10 Years in Europe Have Been Stormy

Time is history. The past ten years of Jewish life in Europe are ten years of stormy history, a decade of fluctuating and contrasting developments.

Ten years ago — in 1924 — the position of the Jews of Soviet Russia was the worst: that of the Jews in Germany the best. Today—in 1934—the opposite holds true. In Soviet Russia the Jews are politically free, while in Germany they are being ruined politically.

A decade ago Austria was, for the Jews, the most liberal of the Central European countries. Hungary was the most anti-Semitic. Today Austria is quite as anti-Semitic as Hitler’s Germany, while in Hungary, anti-Jewish speeches and articles are punishable by arrest.

Rumania, ten years ago, was much more anti-Semitic than Poland. And today? Today Rumania forbids the printing of articles inciting to anti-Semitism even in the Cuzist press. But in Poland the Endek prints daily malicious and venomous statements about the Jews and the government is apparently unconscious of it all. In Rumania, the Nazi press has been forbidden, while in Poland the Yiddish newspapers are confiscated for having “insulted” Hitler by the use of a single expression.

SITUATIONS CHANGE

Times change, and with them, traditions. Ten years ago Lithuania was a country most friendly towards the Jews. Now we have in Lithuania anti-Jewish excesses such as those which occurred at Siauliai. In Latvia ten years ago, the Jews rejoiced in complete cultural autonomy. At present no more than one Yiddish newspaper may appear in Latvia, and all traces of Jewish autonomy have long since disappeared.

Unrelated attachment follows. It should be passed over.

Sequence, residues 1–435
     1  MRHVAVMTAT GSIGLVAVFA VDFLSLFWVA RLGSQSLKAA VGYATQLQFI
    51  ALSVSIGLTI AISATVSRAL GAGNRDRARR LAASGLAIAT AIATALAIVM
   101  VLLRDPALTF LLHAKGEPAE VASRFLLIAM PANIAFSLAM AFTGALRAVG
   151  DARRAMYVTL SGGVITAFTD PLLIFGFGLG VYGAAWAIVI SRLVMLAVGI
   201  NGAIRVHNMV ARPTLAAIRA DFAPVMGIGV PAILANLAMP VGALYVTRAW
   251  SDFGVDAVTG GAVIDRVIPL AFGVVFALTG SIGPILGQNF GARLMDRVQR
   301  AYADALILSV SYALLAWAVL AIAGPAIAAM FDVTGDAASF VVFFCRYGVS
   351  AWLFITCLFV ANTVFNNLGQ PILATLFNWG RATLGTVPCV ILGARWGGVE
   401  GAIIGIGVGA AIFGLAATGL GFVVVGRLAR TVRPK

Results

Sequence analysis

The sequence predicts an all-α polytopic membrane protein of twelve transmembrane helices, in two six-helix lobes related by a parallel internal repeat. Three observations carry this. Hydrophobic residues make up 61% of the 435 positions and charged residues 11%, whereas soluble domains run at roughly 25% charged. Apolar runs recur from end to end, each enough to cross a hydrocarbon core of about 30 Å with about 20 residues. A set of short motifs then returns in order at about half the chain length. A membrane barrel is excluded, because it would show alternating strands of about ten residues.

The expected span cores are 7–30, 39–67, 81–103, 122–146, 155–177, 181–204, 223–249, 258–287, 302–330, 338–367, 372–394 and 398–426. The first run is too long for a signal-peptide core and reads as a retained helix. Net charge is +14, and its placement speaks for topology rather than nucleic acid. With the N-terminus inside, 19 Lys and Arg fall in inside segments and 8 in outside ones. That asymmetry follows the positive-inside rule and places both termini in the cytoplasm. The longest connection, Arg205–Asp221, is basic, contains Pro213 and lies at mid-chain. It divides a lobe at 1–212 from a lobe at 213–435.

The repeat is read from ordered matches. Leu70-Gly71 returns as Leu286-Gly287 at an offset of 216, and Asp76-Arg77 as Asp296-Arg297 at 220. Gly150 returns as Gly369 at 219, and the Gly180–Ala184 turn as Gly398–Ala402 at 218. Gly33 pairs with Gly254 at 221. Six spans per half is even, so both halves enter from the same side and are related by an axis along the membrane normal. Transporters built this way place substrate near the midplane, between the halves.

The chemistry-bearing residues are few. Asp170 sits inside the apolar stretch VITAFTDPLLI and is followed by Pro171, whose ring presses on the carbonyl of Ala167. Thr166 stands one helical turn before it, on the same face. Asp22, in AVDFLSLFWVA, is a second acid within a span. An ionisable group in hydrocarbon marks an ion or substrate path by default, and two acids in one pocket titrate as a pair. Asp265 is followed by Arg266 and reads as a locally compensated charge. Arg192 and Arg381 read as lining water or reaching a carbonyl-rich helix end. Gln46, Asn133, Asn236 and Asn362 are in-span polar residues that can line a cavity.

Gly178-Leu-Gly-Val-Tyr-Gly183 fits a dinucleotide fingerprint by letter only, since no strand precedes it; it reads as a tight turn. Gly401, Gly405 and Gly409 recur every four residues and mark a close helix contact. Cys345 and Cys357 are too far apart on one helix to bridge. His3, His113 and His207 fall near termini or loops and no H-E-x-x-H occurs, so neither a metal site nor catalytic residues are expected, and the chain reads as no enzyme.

Greece—a land where a hundred thousand Jews lived in freedom and patriotism ten years ago—has become an inferno for the Jews; and in Italy, where ten years ago the Jews lived in dread of Fascism, everything is free and open for them.

The Jews in the various countries of Europe have experienced sharp contrasts in the past ten years, broad fluctuations and great opposition.

The Jews of Germany, of course, experienced the greatest change.

Germany in 1924. The doors to all universities, to all government offices, to all branches of the economic life of the land are open to Jews. Jews as high officials, Jews as the best lawyers, Jews as the most prominent professors. Jews as the leading personalities in the whole of the financial setup of the country. Jews as the bearers of culture. Jews as the best artists. The Jewish youth free, carefree, assured of a future. Jewish institutions supported by special Jewish taxes which the government helped collect. All of Jewish life firm, solid, secure.

THEN—AND TODAY